For this lifelong Astros fan, the Drayton McLane Era can't end fast enough.
I know, be careful what you wish for. The Astros got their first World Series Participation Ribbon under McLane's ownership. They became relevant, if only for a while. I get it.
The problem, check that - one of the problems, with Drayton, is that he talks. A lot. Some owners know their strengths and weaknesses. But, as they are all rich and powerful men, far too many aren't actually aware that they have weaknesses.
Drayton's biggest strength is selling groceries. He's awesome at that, and at irritating Richard Justice. But the gift of gab that got him where he is in the business world does not translate well to the sports world. Or, maybe more accurately - it doesn't translate well from his lips into my brain.
Here's only the most-recent version of what I'm talking about from Ultimate Astros:
"I don't look at anything as the last time," McLane said. "If I'm eating a piece of chocolate cake, I don't like to think that's the last piece I'm going to have out of that cake. I think about the next one I'm going to eat."
Excuse me while my eyes roll back, pop out the back of my head, and tumble down the stairs (yes I'm typing this at the top of a staircase).
A monumental pet peeve of mine - bad analogies. People feel like analogies make them sound smart. Sometimes, yes, a clever or helpful analogy can bring clarity.
Or - sometimes someone says something about chocolate cake. What does this quote even mean? It's not the last time? Is he going to buy another baseball team? Is he going to come back after he sells the team and talk to the players again? Is he (gulp) going to drag the sale out long enough to make another season-opening speech next year? Oh, he's talking about his next endeavor, isn't he? Fantastic.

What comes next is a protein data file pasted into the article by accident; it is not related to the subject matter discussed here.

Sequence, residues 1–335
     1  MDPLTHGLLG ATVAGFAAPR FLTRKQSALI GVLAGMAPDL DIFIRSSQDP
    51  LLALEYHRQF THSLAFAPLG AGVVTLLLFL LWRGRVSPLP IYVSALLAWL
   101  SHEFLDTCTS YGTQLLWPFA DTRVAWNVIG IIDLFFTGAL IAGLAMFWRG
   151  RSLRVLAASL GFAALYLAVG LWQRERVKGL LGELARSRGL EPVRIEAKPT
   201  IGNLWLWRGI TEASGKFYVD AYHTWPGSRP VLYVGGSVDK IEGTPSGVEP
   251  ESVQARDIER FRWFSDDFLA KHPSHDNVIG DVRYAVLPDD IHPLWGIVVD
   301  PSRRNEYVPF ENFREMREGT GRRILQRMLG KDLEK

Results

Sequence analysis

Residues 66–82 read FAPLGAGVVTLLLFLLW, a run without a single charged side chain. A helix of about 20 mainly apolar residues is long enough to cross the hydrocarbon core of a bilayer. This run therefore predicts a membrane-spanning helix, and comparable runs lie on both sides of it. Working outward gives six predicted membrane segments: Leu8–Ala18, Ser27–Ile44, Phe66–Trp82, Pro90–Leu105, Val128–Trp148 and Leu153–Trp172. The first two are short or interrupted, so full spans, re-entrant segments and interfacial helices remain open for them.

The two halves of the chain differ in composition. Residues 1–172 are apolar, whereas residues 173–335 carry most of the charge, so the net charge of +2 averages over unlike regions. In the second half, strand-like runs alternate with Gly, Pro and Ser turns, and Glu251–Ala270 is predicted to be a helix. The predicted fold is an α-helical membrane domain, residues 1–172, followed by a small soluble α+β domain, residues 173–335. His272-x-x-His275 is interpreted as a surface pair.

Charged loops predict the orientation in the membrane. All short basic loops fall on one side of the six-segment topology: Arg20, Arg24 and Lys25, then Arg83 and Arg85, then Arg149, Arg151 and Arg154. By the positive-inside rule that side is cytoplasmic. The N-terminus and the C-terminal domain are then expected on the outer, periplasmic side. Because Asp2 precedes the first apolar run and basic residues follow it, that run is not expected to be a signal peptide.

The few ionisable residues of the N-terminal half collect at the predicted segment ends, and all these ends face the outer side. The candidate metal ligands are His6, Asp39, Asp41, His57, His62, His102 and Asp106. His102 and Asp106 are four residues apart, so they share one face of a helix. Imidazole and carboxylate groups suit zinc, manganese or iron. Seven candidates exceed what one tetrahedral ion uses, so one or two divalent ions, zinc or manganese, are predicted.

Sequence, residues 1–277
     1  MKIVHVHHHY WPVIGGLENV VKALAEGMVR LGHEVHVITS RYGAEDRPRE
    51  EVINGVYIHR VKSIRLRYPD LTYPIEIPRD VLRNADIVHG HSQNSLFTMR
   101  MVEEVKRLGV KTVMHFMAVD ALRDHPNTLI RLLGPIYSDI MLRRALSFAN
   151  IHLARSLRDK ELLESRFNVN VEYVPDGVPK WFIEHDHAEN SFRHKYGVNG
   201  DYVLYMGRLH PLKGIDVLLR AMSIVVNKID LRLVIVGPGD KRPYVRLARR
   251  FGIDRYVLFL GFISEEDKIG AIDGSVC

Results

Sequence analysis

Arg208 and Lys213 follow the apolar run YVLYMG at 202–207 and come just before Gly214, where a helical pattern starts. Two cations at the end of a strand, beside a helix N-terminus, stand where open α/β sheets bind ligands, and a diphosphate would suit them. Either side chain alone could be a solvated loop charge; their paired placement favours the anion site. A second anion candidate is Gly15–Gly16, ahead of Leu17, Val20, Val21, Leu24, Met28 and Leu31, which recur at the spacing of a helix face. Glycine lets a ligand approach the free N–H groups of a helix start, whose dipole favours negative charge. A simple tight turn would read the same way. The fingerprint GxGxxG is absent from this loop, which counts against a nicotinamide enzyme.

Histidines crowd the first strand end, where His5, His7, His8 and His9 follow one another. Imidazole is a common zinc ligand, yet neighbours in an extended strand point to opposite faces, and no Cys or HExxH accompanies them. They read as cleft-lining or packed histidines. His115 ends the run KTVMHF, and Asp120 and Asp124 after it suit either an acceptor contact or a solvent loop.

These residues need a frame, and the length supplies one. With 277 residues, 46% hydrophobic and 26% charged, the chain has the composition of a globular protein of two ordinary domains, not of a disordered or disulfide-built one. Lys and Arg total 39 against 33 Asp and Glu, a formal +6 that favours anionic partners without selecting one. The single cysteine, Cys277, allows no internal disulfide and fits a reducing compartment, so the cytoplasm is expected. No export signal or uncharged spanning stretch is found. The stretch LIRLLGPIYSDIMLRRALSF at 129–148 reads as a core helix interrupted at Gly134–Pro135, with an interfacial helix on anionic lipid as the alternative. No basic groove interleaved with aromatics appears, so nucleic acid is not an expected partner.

This is on par with Texans owner Bob McNair's now-infamous "ox in a ditch" or "brain surgery" groaners.
Drayton wants to be popular. Give me an owner who does everything it takes to win, and doesn't care about public perception. Instead of horribly-botched analogies or metaphors, how about hiring a competent GM, or not running off the one you had, who is one of the best in the business?
Groceries, Drayton. Your strength. I thank you for bringing us a World Series team. I thank you for being willing to pull the trigger on significant trade-deadline deals in the past. But treating the Minor League system as if it's optional, and letting ego get in the way of keeping your stellar GM - I can't get behind that.
Drayton talks to the media, which is great for the media. But the more he speaks, the more disingenuous he sounds. I don't know who the new owner is going to be, but I'm willing to take the chance. If not for the good of the fans and franchise, than for my own personal health.